This year’s Artdocfest in Riga was an immersive, 24/7 film-planning, film-watching, film-talking experience. The festival screened 66 films in two competition categories, Artdocfest Open and Baltic Focus, and in five other non-competition categories. Films were shown amid the gilt palm trees of the 1923 Splendid Palace theater and at the airy Zuzeum Art Center of Latvian and contemporary art. The judges were all stars of the media and film industries in Eastern European and Baltic states. They watched everything, apparently foregoing sleep for the duration.

The festival opened with a commemoration of Juris Podnieks, whose 1986 film about Soviet youth “Is it Easy to Be Young?” launched the contemporary era of documentary film in the Soviet and post-Soviet space.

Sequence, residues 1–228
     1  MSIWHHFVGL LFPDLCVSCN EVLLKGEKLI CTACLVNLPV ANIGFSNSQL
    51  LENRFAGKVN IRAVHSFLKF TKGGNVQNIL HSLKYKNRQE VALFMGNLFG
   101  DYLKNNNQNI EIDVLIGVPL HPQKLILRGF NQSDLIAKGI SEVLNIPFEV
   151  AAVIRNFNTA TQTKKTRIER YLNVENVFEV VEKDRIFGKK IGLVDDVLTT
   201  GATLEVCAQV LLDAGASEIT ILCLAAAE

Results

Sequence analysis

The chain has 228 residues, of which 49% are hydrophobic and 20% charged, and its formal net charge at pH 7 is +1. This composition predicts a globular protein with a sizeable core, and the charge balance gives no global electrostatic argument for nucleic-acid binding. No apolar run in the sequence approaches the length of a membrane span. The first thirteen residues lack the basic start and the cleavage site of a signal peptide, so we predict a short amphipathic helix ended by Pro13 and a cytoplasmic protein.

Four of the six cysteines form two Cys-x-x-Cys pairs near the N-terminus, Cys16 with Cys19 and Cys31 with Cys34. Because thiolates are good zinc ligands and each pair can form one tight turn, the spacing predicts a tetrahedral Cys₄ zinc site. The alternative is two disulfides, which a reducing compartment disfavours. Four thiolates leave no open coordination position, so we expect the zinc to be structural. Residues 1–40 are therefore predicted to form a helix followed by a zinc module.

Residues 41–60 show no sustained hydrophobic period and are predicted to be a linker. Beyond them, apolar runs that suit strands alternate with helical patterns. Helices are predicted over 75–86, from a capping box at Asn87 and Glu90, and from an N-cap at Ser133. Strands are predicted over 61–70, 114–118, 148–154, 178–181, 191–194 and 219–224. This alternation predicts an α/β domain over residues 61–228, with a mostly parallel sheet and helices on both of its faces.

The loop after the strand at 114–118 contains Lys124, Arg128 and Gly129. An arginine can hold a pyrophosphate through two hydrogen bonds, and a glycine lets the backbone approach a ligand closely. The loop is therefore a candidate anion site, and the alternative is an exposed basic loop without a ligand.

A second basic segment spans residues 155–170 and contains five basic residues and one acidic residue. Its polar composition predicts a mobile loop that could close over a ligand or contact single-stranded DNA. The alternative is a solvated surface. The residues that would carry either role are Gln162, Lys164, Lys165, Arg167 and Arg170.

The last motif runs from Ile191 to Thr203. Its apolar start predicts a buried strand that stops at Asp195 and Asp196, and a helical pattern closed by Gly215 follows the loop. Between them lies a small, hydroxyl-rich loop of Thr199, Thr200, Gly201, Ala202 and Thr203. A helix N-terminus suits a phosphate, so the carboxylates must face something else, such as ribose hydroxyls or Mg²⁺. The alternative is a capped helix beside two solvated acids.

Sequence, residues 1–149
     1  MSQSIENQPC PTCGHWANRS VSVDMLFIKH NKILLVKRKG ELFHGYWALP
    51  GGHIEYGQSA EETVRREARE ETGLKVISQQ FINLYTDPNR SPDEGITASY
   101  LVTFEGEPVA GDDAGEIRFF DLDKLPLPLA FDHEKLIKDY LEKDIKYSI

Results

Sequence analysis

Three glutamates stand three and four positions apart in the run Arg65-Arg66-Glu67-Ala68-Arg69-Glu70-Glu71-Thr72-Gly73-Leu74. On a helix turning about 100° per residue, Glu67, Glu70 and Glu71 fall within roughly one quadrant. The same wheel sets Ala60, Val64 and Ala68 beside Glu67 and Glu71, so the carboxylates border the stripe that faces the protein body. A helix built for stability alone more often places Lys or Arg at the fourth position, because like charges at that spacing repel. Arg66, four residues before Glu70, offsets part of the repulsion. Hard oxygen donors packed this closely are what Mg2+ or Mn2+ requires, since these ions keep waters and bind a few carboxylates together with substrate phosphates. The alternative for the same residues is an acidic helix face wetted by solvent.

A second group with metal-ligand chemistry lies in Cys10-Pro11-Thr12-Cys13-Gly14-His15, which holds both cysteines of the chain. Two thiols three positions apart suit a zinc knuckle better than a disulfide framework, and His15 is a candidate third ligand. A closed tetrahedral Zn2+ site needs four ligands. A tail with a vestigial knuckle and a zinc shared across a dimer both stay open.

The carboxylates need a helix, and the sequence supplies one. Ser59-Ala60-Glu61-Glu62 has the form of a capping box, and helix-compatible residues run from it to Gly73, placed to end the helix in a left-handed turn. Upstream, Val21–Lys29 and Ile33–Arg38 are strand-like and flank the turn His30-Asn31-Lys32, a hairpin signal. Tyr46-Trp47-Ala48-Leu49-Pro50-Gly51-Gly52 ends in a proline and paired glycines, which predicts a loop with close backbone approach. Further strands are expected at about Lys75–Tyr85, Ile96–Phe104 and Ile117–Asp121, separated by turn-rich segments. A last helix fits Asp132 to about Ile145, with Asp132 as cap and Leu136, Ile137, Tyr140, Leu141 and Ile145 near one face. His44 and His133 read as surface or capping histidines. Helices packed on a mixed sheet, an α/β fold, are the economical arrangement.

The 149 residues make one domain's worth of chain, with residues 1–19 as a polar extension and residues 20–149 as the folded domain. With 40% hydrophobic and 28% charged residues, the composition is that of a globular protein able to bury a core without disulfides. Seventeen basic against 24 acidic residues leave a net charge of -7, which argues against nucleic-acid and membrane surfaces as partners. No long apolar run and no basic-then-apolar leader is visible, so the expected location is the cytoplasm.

Festival days began at 10 a.m. with morning chats with directors over coffee in their hotel, then moved to the theater and art center during the day and evening for screenings, continued until 5 a.m. some nights for insomniac film lovers, and then began again the next morning. Audiences came for the 6 p.m. film and stayed for the second feature, and then stayed longer to ask questions of the directors.

 Artdocfest Open Judges: Editor and Human Rights Activist Adam Michnik; actress Chulpan Khamatova; opera, movie, theater director Viestur Kairish. Artdocfest/Facebook
Artdocfest Open Judges: Editor and Human Rights Activist Adam Michnik; actress Chulpan Khamatova; opera, movie, theater director Viestur Kairish. Artdocfest/Facebook

New worlds and winners